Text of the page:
DC Shuttle …
U.S. Senate Debates Education Appropriations with Focus on Pell Funds.
The Senate began debate on an $857 billion spending bill for the departments of Defense, Labor, Health and Human Services, as well as Education and other agencies. It is the first time education appropriations had been debated on the Senate floor since 2007 and the amendment process is expected to be tedious. The bill would allocate $179 billion for labor, health and education programs. The bill includes domestic and military appropriations. Tying the two together, it is thought, would put pressure on President Trump to sign the spending measure. The administration said it’s “concerned” the bill would fund 28 “unnecessary” education programs, totaling $6 billion, that Trump had cut in his budget request. The White House said that those programs “are duplicative, narrowly focused or unable to demonstrate effectiveness.” House leadership may also bring up a vote on the military and domestic spending together in order to pressure members. There’s a difference between how the two chambers would handle Pell funding, Roll Call reports. Both chambers and the White House would fund the program at $22.5 billion in fiscal 2019, the same as the current year. To fund Pell, the House version (H.R. 6470) would tap into Pell’s remaining $7.4 billion surplus. The Senate bill (S. 3158) would add another $100 increase in the maximum award and would access an additional $39 million in mandatory fiscal 2019 Pell funds. But the Senate would also rescind $600 million from Pell surplus balances to pay for other spending in the bill. Leadership will announce the lineup for amendments this week.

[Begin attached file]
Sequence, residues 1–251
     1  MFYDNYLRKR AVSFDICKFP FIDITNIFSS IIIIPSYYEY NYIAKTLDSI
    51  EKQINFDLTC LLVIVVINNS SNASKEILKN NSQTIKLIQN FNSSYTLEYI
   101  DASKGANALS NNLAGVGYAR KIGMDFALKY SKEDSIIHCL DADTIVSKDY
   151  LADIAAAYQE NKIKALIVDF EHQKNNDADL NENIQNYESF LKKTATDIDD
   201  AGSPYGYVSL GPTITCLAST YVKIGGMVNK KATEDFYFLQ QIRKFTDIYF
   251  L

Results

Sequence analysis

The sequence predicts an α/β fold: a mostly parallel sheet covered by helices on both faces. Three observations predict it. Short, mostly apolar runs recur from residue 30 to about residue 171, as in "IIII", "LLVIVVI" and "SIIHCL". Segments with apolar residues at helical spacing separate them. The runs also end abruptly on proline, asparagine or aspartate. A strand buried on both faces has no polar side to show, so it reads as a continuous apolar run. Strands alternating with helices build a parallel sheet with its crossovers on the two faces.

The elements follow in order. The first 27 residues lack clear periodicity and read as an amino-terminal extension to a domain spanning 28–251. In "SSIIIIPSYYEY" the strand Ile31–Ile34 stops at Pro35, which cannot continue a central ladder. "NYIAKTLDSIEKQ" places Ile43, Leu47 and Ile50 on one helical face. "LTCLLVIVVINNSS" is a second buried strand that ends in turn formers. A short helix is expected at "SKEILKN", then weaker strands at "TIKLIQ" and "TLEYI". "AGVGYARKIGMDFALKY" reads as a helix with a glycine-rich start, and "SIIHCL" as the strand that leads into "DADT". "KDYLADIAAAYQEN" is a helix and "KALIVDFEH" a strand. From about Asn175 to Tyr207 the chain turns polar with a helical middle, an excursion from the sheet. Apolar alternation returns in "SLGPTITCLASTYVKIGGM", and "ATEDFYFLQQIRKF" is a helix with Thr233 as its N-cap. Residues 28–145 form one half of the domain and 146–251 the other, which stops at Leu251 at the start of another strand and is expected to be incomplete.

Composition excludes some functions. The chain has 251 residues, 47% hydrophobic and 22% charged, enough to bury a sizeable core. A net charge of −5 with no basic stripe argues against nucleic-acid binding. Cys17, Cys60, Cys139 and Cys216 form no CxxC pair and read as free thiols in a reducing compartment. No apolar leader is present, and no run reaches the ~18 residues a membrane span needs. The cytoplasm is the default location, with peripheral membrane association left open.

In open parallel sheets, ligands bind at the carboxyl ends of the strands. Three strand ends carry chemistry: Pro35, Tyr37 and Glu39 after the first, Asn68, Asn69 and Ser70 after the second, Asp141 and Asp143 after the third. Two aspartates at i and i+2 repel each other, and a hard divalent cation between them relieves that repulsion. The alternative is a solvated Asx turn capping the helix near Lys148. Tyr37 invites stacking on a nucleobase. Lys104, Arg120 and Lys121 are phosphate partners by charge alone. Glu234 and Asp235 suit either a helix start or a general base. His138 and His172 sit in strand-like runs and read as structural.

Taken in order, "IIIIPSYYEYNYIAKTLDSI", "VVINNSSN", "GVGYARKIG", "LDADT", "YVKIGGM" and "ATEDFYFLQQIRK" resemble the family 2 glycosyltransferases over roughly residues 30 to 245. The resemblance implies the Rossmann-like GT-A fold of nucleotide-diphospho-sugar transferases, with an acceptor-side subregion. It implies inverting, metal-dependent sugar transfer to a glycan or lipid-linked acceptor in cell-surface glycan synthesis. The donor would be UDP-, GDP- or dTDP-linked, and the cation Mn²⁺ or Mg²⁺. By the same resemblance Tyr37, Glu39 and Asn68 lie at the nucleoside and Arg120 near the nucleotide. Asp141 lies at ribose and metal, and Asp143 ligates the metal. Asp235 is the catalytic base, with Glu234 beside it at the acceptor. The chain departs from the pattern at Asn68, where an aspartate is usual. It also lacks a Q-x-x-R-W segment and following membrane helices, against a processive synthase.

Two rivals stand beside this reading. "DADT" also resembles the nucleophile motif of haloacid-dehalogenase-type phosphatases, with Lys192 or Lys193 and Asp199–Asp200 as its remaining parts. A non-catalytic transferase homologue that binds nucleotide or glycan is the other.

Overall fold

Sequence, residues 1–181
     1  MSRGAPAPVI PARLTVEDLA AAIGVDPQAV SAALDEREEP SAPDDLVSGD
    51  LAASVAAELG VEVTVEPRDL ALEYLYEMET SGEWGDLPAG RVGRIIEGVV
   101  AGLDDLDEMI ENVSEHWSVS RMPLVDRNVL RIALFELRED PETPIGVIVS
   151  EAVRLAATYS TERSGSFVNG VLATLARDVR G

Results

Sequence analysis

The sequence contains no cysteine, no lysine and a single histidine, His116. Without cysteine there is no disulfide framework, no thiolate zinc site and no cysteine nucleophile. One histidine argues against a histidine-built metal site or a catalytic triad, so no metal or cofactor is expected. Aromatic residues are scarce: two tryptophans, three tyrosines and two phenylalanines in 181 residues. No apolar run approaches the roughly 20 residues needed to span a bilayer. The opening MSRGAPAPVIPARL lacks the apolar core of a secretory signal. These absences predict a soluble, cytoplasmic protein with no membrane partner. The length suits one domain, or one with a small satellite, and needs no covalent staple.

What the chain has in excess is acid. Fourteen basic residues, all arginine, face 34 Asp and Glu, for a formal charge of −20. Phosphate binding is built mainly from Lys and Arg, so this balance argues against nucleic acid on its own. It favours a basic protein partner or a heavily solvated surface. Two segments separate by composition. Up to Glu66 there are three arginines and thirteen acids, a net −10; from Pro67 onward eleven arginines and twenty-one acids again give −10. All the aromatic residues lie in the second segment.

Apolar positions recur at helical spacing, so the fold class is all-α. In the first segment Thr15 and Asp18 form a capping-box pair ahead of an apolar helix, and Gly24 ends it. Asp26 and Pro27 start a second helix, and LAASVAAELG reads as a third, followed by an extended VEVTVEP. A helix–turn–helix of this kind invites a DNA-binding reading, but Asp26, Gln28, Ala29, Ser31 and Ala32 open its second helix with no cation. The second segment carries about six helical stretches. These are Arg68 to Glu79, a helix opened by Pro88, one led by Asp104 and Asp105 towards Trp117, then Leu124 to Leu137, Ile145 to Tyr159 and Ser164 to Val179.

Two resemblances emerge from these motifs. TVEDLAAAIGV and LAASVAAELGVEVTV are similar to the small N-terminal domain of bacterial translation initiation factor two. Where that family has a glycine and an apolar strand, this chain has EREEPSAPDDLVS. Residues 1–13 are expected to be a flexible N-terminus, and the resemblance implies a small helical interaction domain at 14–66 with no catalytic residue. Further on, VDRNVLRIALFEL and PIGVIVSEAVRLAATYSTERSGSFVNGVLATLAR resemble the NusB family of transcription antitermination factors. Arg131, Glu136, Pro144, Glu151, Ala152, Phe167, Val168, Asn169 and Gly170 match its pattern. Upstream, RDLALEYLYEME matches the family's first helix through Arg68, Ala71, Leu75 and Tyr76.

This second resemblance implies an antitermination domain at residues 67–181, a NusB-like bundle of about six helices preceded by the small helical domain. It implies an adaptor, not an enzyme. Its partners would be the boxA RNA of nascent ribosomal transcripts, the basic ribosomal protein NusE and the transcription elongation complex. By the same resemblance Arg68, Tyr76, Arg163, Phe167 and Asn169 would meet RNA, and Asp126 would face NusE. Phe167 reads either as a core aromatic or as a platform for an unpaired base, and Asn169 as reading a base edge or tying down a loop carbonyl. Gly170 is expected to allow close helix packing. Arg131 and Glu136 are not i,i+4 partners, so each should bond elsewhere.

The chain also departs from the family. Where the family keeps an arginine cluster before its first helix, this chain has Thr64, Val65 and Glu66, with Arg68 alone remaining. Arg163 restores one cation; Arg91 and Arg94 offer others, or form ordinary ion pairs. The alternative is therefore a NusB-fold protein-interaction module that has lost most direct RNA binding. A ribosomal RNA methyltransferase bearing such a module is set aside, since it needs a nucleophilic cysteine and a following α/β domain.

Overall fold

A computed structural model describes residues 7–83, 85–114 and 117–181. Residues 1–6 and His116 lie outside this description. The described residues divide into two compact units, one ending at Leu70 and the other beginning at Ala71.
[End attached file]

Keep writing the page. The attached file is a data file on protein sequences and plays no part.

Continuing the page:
Federal Commission on School Safety Holds final Meeting.
The Federal Commission on School Safety held its fifth, and final scheduled meeting at the White House. The meeting highlighted an Indiana school’s high-tech security features with a focus “on best practices for school building security, active shooter training for schools, and practitioner experience with school-based threat assessment.” The Department of Homeland Security, hosted the session. Education Secretary Betsy DeVos and fellow commission members Homeland Security Secretary Kirstjen Nielsen, Attorney General Jeff Sessions and HHS Secretary Alex Azar were all in attendance.
We publish the DC Shuttle each week featuring higher ed news from Washington collected by the New England Council, of which NEBHE is a member. This edition is drawn from the Higher Education Update in the Council’s Weekly Washington Report of Aug. 20, 2018. For more information, please visit: www.newenglandcouncil.com.